The Monday Morning Quote #197

“Making resolutions is a cleansing ritual of self assessment and repentance that demands personal honesty and, ultimately, reinforces humility.

Breaking them is part of the cycle.”

Eric Zorn

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The Monday Morning Quote #196

“All the adversity I’ve had in my life, all my troubles and obstacles, have strengthened me…

You may not realize it when it happens, but a kick in the teeth may be the best thing in the world for you.”

Walt Disney

Mayan Apocalypse

From Hugh at Gaping Void

Mayan Apocalypse     

The end is nigh.  Media reports state that 700,000,000 people know the world will come to an end this Friday, December 21, 2012. The Guardian reports that Chechens are hoarding staples, including apparently lots of salt. Can they all be wrong? All we can say is that it’s looking like 85F and sunny from Miami Beach.

You may be a prepper, or a non believer, but either way, you need to look sharp the day after. That is, of course, if there is a day after.

So for the remaining 6,300,000,000 folks out there who think that there will be a December 22nd, then you’ll want that tribute to your longevity, intellect and survival instincts. And yes, before you ask, it DOES come with a money back guarantee.

So waste no time and head over to Teespring, a really neat crowd sourcing start-up, to order your limited edition “I Survived The Mayan Apocalypse” tee shirt before it’s too late!
apocalypse_t_shirt

#00: Podcast Test

Just testing.

[audio https://theincisaledge.files.wordpress.com/2012/12/theincisaledge.m4a]

TGBSL #10 – A New Strategy To Prevent Or Halt Periodontal Disease Suggested By Research

From MNT – full article here

A New Strategy To Prevent Or Halt Periodontal Disease Suggested By Research

Periodontitis, a form of chronic gum disease that affects nearly half of the U.S. adult population, results when the bacterial community in the mouth becomes unbalanced, leading to inflammation and eventually bone loss. In its most severe form, which affects 8.5 percent of U.S. adults, periodontitis can impact systemic health.

By blocking a molecular receptor that bacteria normally target to cause the disease, scientists from the University of Pennsylvania have now demonstrated an ability in a mouse model to both prevent periodontitis from developing and halt the progression of the disease once it has already developed.

The study, published in the Journal of Immunology, was led by Toshiharu Abe, a postdoctoral researcher in the Department of Microbiology in Penn’s School of Dental Medicine. Abe works in the lab of George Hajishengallis, a professor in the department who was a senior author on the paper. The co-senior author was John D. Lambris, the Dr. Ralph and Sallie Weaver Professor of Research Medicine in the Department of Pathology and Laboratory Medicine in Penn’s Perelman School of Medicine. Kavita B. Hosur and Evlambia Hajishengallis from Penn Dental Medicine also contributed to the research, as did Penn Medicine’s Edimara S. Reis and Daniel Ricklin.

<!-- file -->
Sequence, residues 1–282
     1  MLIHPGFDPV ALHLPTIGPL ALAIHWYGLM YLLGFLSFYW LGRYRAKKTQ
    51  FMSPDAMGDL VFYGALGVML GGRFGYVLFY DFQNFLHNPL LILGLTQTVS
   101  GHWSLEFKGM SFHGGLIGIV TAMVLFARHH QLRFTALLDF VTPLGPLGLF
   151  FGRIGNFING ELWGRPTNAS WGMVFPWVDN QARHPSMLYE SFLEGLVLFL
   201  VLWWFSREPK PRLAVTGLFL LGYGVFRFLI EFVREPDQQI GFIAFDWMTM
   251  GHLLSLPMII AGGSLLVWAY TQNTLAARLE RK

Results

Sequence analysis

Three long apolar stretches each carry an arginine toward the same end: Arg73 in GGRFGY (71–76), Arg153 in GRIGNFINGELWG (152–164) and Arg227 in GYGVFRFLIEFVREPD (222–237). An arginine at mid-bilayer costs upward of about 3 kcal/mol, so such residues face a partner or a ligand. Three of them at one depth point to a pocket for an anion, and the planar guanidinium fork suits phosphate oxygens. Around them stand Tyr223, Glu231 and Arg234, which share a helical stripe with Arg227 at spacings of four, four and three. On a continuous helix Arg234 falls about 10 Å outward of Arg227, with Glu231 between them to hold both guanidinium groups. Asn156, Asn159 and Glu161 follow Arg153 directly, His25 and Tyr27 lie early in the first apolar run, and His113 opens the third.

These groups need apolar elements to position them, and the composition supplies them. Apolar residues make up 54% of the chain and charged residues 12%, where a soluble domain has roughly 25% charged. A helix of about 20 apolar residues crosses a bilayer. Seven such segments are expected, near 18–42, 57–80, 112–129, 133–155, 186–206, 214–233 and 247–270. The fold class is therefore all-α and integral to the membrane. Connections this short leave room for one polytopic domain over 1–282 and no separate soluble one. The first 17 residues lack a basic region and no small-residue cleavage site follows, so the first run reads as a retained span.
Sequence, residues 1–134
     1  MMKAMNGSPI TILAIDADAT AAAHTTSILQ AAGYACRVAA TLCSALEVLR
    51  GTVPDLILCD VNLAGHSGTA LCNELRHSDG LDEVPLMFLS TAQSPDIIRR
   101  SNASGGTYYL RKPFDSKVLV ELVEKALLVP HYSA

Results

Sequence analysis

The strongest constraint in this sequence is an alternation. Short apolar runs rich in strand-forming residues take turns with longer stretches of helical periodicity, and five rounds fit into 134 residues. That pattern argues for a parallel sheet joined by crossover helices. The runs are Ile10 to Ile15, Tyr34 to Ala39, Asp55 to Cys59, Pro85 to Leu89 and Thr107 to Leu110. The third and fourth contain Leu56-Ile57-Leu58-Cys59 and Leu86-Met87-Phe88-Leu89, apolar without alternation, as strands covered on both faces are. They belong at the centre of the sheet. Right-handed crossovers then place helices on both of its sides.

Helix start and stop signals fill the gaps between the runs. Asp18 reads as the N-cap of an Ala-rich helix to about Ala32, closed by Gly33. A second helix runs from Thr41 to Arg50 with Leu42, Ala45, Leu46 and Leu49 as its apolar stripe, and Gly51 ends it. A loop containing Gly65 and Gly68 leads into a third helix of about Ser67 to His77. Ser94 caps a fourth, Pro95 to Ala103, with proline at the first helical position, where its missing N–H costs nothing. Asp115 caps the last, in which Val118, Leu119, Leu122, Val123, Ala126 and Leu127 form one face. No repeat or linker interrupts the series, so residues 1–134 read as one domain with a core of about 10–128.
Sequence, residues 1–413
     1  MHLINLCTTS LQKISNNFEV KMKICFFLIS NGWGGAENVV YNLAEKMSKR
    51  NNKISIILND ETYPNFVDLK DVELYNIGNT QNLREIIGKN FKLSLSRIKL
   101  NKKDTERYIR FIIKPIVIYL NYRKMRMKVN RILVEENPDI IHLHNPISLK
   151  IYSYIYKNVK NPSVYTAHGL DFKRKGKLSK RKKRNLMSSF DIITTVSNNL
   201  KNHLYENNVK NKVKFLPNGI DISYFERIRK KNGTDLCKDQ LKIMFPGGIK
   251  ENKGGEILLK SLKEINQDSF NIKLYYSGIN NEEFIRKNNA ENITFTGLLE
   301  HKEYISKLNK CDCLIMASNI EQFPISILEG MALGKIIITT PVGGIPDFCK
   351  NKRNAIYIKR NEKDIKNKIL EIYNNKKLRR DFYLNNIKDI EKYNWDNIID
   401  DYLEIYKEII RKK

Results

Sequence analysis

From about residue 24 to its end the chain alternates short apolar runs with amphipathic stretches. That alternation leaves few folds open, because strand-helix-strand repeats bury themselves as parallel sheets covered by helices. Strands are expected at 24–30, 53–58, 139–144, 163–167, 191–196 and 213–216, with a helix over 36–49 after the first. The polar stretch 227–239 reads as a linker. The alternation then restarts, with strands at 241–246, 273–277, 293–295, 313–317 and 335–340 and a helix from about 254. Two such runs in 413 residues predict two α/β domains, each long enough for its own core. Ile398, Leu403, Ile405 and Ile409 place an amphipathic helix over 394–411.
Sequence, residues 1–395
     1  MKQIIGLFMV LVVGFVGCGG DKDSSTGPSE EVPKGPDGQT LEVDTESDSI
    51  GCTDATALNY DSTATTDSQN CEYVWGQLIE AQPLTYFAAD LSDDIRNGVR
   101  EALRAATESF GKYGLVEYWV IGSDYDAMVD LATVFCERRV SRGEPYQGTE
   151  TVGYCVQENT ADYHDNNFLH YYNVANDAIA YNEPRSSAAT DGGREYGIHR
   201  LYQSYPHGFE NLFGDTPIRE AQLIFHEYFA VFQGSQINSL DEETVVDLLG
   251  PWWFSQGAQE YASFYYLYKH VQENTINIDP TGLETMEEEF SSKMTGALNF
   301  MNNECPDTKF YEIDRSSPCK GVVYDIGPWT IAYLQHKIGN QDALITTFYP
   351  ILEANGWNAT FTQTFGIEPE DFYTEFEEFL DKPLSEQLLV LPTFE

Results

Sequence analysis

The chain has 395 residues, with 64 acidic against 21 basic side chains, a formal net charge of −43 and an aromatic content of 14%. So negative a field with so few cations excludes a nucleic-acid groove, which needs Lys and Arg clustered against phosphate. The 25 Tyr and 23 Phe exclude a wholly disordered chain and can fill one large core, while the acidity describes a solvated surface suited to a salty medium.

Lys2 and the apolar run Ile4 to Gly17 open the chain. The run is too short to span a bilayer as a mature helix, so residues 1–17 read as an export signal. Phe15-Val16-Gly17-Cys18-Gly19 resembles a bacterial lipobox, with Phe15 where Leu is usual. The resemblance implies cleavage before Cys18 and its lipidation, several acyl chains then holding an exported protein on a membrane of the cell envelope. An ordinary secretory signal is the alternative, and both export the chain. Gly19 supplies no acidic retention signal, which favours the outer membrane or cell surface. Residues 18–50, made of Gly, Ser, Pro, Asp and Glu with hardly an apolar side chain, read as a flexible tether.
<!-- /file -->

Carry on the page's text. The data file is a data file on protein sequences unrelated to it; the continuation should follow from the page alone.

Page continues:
In previous research, Hajishengallis, Lambris and colleagues showed that Porphyromonas gingivalis, the bacterium responsible for many cases of periodontitis, acts to “hijack” a receptor on white blood cells called C5aR. The receptor is part of the complement system, a component of the immune system that helps clear infection but can trigger damaging inflammation if improperly controlled.

By hijacking C5aR, P. gingivalis subverts the complement system and handicaps immune cells, rendering them less able to clear infection from the gum tissue. As a result, numbers of P. gingivalis and other microbes rise and create severe inflammation. According to a study published last year by the Penn researchers, mice bred to lack C5aR did not develop periodontitis.

Meanwhile, other studies by the Penn group and others have shown that Toll-like receptors, or TLRs – a set of proteins that also activate immune cell responses – may act in concert with the complement system. In addition, mice lacking one form of TLR called TLR2 do not develop bone loss associated with periodontitis, just like the C5aR-deficient mice.

In the new study, the Penn team wanted to determine if the synergism seen by other scientists between the complement system and TLRs was also at play in this inflammatory gum disease.

To find out, they injected two types of molecules, one that activated C5aR and another that activated TLR2, into the gums of mice. When only one type of molecule was administered, a moderate inflammatory response was apparent a day later, but when both were injected together, inflammatory molecules increased dramatically – soaring to levels higher than would have been expected if the effect of activating both receptors was merely additive.

This finding suggested to the scientists that the Toll-like receptor signaling was somehow involved in “crosstalk” with the complement system, serving to augment the inflammatory response. Turning that implication on its head, they wondered whether blocking just one of these receptors could effectively halt the inflammation that allows P. gingivalis and other bacteria to thrive and cause disease.

Testing this hypothesis, the researchers synthesized and administered a molecule that blocks the activity of C5aR, to see if it could prevent periodontitis from developing. They gave this receptor “antagonist,” known as C5aRA, to mice that were then infected with P. gingivalis. The C5aRA injections were able to stave off inflammation to a large extent, reducing inflammatory molecules by 80 percent compared to a control, and completely stopping bone loss.